You know what? The status of being an actor in a show of this caliber only goes so far with teenagers. You’re popular for a minute, and then they’re like, “Hey, I’m more important because I’m seventeen.”
Is there any other character in the series that you thought was a juicy role you’d like to play?
Well, there’s actually a lot of them: Arondir, Ismael Cruz Cordova’s character; Owain Arthur’s Dwarf Prince Durin. But overall of course, I love my half-foot world. It’s become my world. But oh, I wouldn’t mind a crack at a crack at Cynthia Robinson’s character, Queen Míriel; she’s quite an incredible character.
And were you a fan of this series?
I was a big fan of the books, read them when I was very young, which started my love of fantasy. I’m sure that you’ve heard that I’m a big fantasy sci-fi nerd, which is why this is like a perfect marriage talking to Black Girl Nerds! When the Lord of the Rings movies came along they were like a Christmas present every year. I adored them. I was transported, and I felt like they were made by someone who really understood the books and wanted to do them justice. That’s not dissimilar in Rings of Power in terms of J.D. and Patrick and everyone involved in this project really wants to do justice to this world. I was talking to Rob Aramayo [Elrond] in London the other day, and for two hours we were talking about how much passion everybody has for this show.
Rings of Power is going to shift perspective for people who in the past weren’t visible in the Lord of the Rings films. There will be Black and Brown female action toys from this world! How does it feel to be able to leave that as a part of your legacy as an artist?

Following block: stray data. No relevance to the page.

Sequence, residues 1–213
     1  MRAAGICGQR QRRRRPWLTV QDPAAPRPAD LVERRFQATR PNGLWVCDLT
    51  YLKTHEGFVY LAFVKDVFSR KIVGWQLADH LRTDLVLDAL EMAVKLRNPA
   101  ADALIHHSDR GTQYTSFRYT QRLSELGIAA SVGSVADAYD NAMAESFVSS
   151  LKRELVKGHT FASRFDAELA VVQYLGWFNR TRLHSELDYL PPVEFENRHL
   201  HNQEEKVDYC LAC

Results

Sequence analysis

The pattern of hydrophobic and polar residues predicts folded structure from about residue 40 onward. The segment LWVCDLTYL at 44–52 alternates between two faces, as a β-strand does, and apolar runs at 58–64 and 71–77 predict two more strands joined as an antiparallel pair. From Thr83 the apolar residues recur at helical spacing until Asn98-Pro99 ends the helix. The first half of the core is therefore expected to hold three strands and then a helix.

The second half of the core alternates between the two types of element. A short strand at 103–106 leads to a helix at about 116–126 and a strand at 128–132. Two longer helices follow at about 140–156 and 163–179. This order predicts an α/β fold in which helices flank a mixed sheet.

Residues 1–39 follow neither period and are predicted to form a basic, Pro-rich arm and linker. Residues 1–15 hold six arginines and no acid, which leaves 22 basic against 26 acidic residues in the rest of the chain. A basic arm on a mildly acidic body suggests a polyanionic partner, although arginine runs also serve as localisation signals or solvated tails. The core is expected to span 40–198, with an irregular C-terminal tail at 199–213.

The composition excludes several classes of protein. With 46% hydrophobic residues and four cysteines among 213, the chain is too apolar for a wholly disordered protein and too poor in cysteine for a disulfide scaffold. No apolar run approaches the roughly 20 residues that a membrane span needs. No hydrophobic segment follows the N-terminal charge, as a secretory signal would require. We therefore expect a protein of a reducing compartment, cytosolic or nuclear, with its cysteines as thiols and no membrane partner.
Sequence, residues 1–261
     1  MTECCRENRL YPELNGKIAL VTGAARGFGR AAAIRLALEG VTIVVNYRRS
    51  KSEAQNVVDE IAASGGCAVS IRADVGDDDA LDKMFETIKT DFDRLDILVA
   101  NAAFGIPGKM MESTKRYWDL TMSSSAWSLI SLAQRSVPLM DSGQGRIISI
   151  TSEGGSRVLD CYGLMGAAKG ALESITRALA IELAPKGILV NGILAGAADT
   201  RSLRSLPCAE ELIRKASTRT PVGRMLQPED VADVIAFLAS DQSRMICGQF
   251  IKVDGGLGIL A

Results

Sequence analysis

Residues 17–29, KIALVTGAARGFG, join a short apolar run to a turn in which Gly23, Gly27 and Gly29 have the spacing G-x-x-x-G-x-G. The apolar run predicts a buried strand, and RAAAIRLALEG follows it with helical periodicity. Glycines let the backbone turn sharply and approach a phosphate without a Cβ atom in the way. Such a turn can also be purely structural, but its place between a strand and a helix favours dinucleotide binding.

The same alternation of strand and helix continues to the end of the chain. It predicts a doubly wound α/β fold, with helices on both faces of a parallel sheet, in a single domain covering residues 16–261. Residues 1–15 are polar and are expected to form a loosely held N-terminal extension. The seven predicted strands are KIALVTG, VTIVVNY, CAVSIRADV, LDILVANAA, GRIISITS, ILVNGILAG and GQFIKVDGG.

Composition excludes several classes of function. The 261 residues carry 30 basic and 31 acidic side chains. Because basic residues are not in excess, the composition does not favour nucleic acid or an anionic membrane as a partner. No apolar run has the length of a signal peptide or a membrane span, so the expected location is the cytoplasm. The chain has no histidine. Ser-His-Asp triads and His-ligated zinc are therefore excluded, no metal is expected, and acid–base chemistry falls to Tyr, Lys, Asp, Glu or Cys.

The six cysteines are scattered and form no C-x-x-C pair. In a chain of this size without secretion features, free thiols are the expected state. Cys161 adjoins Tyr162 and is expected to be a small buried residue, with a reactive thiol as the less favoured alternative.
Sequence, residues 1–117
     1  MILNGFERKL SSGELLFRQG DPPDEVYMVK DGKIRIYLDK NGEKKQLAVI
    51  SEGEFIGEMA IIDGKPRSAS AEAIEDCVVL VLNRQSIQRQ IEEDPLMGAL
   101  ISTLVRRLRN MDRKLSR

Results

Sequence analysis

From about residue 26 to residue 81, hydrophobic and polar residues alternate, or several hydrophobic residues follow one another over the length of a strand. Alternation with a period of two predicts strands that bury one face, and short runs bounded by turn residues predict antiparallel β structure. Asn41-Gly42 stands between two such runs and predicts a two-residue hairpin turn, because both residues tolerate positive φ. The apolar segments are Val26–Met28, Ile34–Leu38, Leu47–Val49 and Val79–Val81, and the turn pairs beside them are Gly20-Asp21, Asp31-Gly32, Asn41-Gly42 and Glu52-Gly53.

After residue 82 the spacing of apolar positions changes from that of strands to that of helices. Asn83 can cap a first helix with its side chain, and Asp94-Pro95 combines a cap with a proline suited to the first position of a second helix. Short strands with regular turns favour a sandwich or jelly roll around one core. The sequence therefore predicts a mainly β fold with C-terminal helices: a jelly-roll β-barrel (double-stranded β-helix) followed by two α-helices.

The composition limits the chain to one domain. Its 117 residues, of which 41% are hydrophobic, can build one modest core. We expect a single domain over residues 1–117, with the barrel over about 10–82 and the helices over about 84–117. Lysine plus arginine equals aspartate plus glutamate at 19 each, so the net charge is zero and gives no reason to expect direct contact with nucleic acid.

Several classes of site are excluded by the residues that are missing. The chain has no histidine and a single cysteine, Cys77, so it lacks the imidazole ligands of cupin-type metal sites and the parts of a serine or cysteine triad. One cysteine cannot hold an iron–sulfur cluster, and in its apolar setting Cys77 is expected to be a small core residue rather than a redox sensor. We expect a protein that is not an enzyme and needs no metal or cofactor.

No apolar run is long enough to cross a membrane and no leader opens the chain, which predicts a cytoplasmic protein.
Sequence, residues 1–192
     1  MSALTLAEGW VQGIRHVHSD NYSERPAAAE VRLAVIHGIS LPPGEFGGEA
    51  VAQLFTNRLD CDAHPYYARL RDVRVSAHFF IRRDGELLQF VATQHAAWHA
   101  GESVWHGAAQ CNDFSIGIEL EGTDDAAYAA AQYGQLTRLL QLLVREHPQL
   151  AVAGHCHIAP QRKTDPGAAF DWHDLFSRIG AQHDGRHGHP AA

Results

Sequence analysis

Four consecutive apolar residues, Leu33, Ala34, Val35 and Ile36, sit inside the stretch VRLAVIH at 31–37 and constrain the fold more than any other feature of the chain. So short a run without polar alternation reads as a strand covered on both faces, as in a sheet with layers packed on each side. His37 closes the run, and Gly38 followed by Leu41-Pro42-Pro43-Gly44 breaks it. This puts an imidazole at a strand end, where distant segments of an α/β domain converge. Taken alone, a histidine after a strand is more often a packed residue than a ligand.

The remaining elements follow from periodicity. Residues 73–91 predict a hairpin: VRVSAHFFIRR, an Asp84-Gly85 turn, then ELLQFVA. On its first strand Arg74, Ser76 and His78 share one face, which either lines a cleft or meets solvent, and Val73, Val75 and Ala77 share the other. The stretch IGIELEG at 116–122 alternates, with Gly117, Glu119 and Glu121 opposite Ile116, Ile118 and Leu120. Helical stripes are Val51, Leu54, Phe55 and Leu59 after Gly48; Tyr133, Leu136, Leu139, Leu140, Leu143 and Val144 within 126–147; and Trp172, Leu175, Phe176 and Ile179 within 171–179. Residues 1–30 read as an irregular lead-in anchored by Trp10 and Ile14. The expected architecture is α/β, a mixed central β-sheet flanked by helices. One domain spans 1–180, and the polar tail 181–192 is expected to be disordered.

What you’re talking about resonates with me very much from my own childhood of growing up and loving fantasy, but finding very few faces that reflected back at me. I have a daughter who’s nearly eight, and I am so proud. I can’t wait for her to see this. I’m so proud that she’s gonna get to watch it and see these faces of color. It’s just going to be there from the word go. With no explanation — it’s just we belong. That’s deeply important to me. At Comic Con, I tried not to get teary, but I had a girl come up to me, Anna Maria took a photo with her, who just said how much it meant to her. She talked about when she was a little girl and she just said this is so necessary for people of color to be reflected back at viewers. And she got teary and I got teary, and that moment reminded me of why we do this work. As storytellers we want people to feel that they belong and that these experiences are their experiences. We need to be there. It’s incredibly important.
What’s bringing you the most joy?
My daughter, my little Brown girl, just everything about her. She’s way better than me. She’s a massive improvement on the original model. And yes, she brings me joy every single day. She actually allows me to be a kid every single day. She’s my joy.
The Lord of the Rings: The Rings of Power premieres Friday, September 2, 2022.
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Jeanine is a Writer, Actor, member SAG/AFTRA, AEA, Podcast host, Producer, CEO VisAbleBlackWoman Productions, Certified Health Coach and Conscious Dance facilitator. Jeanine's mission, centering Black women's stories to preserve our legacies.